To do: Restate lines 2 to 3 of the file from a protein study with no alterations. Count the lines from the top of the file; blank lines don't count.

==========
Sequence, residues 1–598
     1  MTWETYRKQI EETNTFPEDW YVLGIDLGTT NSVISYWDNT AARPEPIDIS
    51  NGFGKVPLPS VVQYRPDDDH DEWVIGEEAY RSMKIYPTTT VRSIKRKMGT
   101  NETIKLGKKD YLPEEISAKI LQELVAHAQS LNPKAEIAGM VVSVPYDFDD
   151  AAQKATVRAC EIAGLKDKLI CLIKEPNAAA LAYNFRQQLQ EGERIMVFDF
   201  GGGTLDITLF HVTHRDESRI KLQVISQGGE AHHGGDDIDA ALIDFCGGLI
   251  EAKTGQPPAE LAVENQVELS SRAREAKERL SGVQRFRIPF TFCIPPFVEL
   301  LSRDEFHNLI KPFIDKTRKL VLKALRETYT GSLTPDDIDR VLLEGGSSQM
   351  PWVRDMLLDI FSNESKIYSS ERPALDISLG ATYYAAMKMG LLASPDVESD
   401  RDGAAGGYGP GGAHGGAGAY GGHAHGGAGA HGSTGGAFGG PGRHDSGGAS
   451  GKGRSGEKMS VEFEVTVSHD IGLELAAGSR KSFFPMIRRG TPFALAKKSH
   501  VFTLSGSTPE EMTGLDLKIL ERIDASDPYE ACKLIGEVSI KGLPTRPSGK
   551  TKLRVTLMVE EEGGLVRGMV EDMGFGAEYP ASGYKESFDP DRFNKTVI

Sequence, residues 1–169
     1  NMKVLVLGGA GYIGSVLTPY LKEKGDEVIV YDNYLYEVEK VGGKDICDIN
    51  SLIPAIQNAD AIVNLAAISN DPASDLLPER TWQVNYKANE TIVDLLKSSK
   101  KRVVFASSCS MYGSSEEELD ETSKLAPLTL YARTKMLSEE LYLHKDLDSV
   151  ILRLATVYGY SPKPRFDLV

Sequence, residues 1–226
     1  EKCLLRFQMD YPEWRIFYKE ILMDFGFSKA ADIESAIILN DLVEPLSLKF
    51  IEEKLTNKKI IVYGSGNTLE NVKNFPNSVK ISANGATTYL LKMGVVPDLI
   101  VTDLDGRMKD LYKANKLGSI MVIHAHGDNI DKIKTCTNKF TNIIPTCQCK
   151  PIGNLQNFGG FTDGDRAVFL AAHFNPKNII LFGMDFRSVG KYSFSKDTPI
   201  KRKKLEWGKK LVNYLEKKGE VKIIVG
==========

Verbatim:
     1  MTWETYRKQI EETNTFPEDW YVLGIDLGTT NSVISYWDNT AARPEPIDIS
    51  NGFGKVPLPS VVQYRPDDDH DEWVIGEEAY RSMKIYPTTT VRSIKRKMGT